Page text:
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Star-Bulletin Features


Thursday, May 18, 2000



By Craig T. Kojima, Star-Bulletin
The skull at left is a replica of a skull that was
reconstructed from bone fragments found at
Bellows Beach. The forensic display is housed
at the Honolulu Police Department Museum,
one of the stops on the "Capital Day, Down
Capitol Way" tour.



Capitol trolley
tour a capital idea

Trolley route map

By Nancy Arcayna
Special to the Star-Bulletin

Tapa

FOR many who pass through the Capitol District en route to and from work, it's merely home to some old buildings and self-absorbed bureaucrats. For others, it's an area rich in history that we generally take for granted.

Joe Tassill understands this well. As tour coordinator for the State Capitol and Information program, he said, "Most people don't visit their own Capitol. Even when locals have visitors, they whiz through the historical district and then head off to the beach or the pineapple fields."

You'll have the opportunity to climb aboard a trolley to discover just what you're missing on Saturday. "Capital Day, Down Capitol Way," part of National Historic Week, celebrates the historical and architectural treasures within the area.

The annual event was established in 1994 because not enough locals were aware of these places. Many of the participating sites are normally closed on the weekends, restricting access.

The tour allows families to "enjoy the day without paying admission fees," says Jim Bartels, of Washington Place. "It is truly a public service."

One of the area's hidden secrets is The Honolulu Police Department Museum, which will offer tours from 9:30 a.m. to 2:30 p.m.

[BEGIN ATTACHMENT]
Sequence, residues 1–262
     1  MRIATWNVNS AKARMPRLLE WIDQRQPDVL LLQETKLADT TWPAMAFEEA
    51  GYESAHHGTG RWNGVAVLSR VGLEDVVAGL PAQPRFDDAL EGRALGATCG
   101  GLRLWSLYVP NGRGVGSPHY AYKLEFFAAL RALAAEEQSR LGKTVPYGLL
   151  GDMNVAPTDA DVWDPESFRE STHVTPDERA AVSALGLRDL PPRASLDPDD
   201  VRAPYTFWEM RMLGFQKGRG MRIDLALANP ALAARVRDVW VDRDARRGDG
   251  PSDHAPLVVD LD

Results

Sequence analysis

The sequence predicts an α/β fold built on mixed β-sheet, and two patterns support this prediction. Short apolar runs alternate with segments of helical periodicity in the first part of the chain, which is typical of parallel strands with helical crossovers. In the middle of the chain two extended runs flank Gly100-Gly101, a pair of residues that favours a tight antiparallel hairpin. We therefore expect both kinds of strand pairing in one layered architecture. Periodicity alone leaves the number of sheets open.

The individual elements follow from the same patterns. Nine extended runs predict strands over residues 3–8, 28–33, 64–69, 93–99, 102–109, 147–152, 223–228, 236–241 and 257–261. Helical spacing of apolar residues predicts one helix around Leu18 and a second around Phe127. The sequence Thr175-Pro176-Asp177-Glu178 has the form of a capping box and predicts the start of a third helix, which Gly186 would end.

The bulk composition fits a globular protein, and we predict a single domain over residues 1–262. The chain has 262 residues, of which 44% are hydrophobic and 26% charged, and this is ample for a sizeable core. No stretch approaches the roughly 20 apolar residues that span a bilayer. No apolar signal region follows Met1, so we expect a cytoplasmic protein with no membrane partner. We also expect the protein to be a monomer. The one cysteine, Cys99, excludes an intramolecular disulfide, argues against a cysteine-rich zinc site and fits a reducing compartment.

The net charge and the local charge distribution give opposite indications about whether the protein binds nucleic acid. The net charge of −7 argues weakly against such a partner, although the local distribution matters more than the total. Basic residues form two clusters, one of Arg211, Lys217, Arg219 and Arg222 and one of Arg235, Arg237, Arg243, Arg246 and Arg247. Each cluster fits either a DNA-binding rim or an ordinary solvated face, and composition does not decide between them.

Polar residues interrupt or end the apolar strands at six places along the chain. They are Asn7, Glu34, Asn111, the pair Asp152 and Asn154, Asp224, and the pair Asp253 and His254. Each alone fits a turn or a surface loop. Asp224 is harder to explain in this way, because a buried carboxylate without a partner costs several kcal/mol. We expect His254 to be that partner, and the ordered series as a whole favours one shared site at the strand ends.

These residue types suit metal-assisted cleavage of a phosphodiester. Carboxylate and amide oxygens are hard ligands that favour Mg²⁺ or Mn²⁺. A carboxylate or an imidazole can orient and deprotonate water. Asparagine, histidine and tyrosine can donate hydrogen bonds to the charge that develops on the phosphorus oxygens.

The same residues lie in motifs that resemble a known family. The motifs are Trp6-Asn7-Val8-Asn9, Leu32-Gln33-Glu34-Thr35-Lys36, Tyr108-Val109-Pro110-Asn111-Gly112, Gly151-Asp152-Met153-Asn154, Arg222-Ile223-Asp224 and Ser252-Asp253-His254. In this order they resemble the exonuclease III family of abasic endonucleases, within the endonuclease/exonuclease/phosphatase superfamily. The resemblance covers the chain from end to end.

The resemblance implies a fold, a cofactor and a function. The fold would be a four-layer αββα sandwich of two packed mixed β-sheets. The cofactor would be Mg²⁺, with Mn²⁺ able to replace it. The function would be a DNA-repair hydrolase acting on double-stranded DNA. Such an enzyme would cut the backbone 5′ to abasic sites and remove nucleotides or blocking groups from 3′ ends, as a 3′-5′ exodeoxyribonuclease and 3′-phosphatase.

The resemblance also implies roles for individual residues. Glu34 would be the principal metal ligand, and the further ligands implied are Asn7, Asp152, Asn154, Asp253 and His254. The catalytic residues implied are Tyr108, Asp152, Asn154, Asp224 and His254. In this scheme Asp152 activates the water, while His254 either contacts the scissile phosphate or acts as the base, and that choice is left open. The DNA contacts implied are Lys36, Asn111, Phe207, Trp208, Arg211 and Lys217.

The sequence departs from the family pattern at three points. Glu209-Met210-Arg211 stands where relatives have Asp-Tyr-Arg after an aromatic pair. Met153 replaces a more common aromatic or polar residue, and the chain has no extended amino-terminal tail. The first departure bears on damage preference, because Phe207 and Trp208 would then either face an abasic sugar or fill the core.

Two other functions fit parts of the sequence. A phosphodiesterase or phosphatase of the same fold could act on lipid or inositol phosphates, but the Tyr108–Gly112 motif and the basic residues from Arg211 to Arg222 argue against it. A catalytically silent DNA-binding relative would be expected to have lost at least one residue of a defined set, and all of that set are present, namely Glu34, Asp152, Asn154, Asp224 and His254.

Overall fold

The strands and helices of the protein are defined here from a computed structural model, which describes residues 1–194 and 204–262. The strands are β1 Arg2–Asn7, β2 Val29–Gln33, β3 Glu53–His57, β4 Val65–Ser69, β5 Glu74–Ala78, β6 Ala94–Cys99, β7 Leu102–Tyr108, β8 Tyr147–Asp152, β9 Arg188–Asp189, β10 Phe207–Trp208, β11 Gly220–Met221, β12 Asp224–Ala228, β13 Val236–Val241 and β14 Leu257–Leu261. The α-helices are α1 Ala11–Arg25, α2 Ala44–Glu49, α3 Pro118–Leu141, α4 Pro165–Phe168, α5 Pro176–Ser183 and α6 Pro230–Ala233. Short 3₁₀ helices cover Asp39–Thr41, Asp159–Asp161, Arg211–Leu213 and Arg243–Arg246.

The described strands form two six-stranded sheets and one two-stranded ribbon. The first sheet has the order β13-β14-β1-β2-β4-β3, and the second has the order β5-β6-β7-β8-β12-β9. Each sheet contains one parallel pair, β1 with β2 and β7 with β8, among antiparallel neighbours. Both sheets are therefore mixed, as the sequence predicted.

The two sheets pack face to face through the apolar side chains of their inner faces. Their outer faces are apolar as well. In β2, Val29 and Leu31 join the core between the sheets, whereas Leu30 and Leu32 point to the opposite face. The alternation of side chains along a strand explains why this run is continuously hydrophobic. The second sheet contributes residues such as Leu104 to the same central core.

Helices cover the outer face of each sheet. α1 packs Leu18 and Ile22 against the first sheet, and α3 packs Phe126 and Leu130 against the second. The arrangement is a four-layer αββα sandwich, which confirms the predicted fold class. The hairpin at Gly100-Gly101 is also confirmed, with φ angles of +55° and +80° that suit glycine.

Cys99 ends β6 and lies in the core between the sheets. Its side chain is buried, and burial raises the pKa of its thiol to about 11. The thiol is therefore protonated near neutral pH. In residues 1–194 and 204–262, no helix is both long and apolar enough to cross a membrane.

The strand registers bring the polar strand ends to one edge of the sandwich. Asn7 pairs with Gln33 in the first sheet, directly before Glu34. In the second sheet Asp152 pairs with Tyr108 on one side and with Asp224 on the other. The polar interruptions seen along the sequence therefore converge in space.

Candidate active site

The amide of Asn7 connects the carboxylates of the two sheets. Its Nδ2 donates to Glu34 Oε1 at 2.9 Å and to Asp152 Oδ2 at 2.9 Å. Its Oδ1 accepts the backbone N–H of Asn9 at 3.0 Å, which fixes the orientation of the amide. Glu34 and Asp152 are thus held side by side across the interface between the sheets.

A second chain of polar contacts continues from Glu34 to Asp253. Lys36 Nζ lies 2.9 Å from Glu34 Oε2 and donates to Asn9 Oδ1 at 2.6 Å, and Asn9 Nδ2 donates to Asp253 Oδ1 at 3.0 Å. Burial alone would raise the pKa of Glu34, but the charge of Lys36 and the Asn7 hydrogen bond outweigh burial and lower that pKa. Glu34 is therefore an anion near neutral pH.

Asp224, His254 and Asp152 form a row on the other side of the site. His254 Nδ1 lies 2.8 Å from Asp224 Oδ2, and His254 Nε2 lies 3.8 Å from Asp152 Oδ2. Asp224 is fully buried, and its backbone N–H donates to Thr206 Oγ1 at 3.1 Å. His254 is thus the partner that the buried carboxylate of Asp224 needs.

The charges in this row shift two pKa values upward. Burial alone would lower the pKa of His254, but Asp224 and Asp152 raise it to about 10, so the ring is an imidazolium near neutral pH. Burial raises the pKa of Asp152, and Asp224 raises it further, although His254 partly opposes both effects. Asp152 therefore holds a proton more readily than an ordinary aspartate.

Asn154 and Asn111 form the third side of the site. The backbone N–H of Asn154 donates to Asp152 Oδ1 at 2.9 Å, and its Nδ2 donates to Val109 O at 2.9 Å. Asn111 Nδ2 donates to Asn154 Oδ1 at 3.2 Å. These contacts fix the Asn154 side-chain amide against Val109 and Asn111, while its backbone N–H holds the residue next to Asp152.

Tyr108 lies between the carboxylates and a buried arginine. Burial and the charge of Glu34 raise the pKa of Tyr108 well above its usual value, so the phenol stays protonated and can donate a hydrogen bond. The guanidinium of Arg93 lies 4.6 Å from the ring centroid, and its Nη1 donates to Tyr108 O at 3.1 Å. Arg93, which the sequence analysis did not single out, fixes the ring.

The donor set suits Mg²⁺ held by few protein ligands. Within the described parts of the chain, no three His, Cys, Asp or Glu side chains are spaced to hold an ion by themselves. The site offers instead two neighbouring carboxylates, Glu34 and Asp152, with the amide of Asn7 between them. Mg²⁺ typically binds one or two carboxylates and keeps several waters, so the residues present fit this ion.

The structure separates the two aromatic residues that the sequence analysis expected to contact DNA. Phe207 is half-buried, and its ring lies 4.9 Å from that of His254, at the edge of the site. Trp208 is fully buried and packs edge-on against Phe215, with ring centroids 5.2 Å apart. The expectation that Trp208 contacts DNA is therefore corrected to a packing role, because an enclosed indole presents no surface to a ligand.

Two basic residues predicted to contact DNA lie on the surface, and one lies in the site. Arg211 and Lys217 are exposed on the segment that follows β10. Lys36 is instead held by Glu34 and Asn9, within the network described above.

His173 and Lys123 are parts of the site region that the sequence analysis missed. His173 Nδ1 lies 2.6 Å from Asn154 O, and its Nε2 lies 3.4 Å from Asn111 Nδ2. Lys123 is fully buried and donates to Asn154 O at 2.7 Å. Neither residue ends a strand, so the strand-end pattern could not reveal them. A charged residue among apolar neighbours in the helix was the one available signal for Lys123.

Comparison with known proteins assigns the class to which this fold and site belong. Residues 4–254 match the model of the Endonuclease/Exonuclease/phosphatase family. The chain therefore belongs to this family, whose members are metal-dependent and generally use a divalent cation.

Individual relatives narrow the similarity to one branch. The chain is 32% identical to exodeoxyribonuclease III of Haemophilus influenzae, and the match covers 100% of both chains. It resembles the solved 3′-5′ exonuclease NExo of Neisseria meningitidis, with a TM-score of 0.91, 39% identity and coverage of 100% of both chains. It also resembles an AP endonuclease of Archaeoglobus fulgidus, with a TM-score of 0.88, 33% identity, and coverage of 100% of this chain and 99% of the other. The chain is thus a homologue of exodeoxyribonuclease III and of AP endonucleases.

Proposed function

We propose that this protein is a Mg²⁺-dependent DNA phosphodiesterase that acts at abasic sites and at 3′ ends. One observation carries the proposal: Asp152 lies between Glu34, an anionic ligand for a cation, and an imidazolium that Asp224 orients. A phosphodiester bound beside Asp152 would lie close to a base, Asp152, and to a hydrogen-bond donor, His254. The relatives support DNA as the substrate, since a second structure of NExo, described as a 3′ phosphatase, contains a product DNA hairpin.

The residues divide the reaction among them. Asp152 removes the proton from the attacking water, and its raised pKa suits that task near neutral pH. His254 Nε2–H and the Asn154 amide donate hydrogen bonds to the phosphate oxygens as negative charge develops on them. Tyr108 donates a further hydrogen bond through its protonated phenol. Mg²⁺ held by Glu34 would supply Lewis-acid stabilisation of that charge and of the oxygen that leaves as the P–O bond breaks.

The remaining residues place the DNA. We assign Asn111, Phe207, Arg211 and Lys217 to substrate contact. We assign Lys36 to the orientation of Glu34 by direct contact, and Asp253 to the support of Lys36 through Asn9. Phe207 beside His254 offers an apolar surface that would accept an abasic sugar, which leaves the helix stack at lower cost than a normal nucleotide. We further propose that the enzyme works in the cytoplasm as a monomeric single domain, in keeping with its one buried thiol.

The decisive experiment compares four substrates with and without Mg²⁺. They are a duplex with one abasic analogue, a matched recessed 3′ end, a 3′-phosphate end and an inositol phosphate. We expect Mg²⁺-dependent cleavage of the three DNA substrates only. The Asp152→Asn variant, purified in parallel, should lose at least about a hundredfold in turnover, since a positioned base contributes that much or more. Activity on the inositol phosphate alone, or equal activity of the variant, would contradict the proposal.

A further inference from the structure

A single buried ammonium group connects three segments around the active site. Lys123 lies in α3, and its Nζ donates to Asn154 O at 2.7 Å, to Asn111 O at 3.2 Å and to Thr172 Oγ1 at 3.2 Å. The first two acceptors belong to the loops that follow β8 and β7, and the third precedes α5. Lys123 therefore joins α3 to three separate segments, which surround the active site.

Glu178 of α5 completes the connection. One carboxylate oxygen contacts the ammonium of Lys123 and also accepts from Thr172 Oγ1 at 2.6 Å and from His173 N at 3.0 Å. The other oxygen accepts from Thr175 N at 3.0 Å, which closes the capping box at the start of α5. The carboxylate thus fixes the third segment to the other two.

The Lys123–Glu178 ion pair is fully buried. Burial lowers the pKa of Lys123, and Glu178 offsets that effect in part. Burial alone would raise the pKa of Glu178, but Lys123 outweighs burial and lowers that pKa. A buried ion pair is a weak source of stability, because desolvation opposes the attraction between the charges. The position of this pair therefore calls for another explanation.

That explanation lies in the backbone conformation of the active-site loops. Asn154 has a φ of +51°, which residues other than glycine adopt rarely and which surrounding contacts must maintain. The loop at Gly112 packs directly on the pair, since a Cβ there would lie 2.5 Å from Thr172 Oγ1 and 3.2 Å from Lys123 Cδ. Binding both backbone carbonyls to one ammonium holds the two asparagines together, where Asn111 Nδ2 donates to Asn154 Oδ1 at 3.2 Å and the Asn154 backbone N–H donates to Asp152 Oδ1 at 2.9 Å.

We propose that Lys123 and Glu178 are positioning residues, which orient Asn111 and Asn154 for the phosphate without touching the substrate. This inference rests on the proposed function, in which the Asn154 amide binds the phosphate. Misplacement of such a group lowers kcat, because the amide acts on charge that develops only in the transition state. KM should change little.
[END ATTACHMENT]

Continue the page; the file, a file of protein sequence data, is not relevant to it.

"A lot of police museums concentrate on things ... the police cars, uniforms and visual equipment. But what I like to do is tell a story," says officer Eddie Croom, the museum's curator.

"We are one of the oldest police departments in the United States. Hawaii had an organized police force 10 years before New York."

According to Croom, the organization's roots coincide with the first law passed by Kamehameha I. "We are the only national department that can say that our first head of law enforcement was a king," Croom said.

The museum houses guns galore and paraphernalia, but eyes are drawn to the photographs lining the walls, dating from 1889 to today. Photos range from the rescue of lost children to getting injured in the line of fire. Also displayed is an officer's report of his encounter with a ghost on the Pali.

"We like them to be viewed as real people ... husbands, fathers and not just as policemen," Croom says.

For those who want a taste of Medieval times, head for the bell tower at St. Andrew's Cathedral.

"Its like you are entering a dungeon," says Willis Moore, the cathedral's tour docent. The cathedral tower's narrow staircase leading to its bell tower makes one think of the Hunchback of Notre Dame.


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"The eight English bells are actually rung by eight humans pulling on ropes. The bell ringers practice musical patterns, so it is hard work, not fun for them," says Moore.

The English bells, cast in 1812, weigh between 600 and 1,400 pounds each and were a gift to the cathedral in 1991. Prior to that, the cathedral had only one 600-pound bell.

Most people are unaware that there are human ringers since not much is done manually these days, says master bell-ringer Bob Veary.

The ringers pull the cords gently so the bells are off balance. "Once the bells are off balance a 12-year old boy can ring them," says Pam Veary, Bob's wife and a bell ringer.